Inderscience Publishers

A method for estimating the cost to sequester carbon dioxide by delivering iron to the ocean

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The need to find economical methods of CO2 sequestration is now urgent. Ocean iron fertilisation has been suggested as a low cost mitigation option to capture and store carbon. However, previous methods of estimating the cost fail to account for many of the losses and offsets occurring over the storage period. A method for calculating the net carbon stored from iron fertilisation of high nutrient low chlorophyll ocean regions is provided. Ship based fertilisation of the Southern Ocean is considered as a case study, on average, a single fertilisation is found to result in a net sequestration of 0.01 t C km−2 for 100 years at a cost of US$457 per tonne CO2. Previous estimates of cost underestimate the economic challenge of distributing low concentrations of iron over large areas of the ocean surface, and the subsequent loss processes that result in only a small net storage of carbon per km2 fertilised. Technologies that could lower the cost are discussed.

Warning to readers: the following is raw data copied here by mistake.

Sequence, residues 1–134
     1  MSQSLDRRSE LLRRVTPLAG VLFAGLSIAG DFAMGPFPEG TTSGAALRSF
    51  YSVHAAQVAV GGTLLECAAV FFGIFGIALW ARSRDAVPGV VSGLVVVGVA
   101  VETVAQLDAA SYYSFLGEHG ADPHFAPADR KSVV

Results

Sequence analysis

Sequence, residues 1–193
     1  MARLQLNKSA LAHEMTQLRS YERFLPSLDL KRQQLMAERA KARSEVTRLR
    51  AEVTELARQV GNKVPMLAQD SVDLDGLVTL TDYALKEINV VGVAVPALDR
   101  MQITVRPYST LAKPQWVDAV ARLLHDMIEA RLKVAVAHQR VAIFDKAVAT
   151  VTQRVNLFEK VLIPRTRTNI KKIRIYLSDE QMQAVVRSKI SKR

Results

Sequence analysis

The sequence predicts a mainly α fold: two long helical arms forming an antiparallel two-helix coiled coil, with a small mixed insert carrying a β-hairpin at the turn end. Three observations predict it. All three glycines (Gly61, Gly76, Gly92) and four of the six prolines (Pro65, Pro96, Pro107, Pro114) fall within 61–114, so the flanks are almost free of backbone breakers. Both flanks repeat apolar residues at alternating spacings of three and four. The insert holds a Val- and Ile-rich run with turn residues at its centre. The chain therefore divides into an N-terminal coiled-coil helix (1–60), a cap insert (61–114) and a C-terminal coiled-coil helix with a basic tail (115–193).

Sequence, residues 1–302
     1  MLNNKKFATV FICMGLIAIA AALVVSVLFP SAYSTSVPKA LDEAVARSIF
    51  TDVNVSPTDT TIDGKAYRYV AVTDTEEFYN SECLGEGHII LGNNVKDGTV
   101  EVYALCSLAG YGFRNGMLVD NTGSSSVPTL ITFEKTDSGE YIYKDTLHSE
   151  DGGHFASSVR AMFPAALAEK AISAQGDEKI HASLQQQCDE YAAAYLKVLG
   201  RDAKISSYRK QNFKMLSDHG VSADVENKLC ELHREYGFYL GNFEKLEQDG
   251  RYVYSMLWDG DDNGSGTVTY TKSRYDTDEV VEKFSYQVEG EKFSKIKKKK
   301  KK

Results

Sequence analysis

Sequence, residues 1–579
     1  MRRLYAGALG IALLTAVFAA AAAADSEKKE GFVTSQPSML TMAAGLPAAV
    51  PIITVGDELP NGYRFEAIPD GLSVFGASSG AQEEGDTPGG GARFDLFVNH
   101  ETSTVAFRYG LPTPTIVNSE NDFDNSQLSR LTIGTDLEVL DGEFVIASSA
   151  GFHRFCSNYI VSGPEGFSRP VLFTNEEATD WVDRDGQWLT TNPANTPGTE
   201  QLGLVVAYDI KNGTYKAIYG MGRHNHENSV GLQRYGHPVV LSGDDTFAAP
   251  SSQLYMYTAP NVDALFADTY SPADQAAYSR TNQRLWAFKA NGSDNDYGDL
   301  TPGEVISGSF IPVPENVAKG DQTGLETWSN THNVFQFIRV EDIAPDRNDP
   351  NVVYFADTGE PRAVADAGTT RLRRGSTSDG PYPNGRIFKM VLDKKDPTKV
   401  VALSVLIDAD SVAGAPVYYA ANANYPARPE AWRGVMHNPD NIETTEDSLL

Keywords: ocean iron fertilisation, cost estimation, ocean carbon storage, carbon mitigation, carbon sequestration, climate change, global warming, Southern Ocean, greenhouse gases, GHG emissions, CO2, carbon dioxide, carbon capture

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